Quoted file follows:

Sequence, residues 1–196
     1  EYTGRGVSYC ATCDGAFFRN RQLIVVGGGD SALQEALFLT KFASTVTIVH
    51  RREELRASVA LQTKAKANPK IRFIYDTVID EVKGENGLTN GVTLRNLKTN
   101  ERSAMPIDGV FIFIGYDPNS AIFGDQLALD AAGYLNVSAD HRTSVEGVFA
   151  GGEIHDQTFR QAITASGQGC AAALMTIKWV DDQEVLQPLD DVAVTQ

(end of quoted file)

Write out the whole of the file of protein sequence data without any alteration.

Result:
Sequence, residues 1–196
     1  EYTGRGVSYC ATCDGAFFRN RQLIVVGGGD SALQEALFLT KFASTVTIVH
    51  RREELRASVA LQTKAKANPK IRFIYDTVID EVKGENGLTN GVTLRNLKTN
   101  ERSAMPIDGV FIFIGYDPNS AIFGDQLALD AAGYLNVSAD HRTSVEGVFA
   151  GGEIHDQTFR QAITASGQGC AAALMTIKWV DDQEVLQPLD DVAVTQ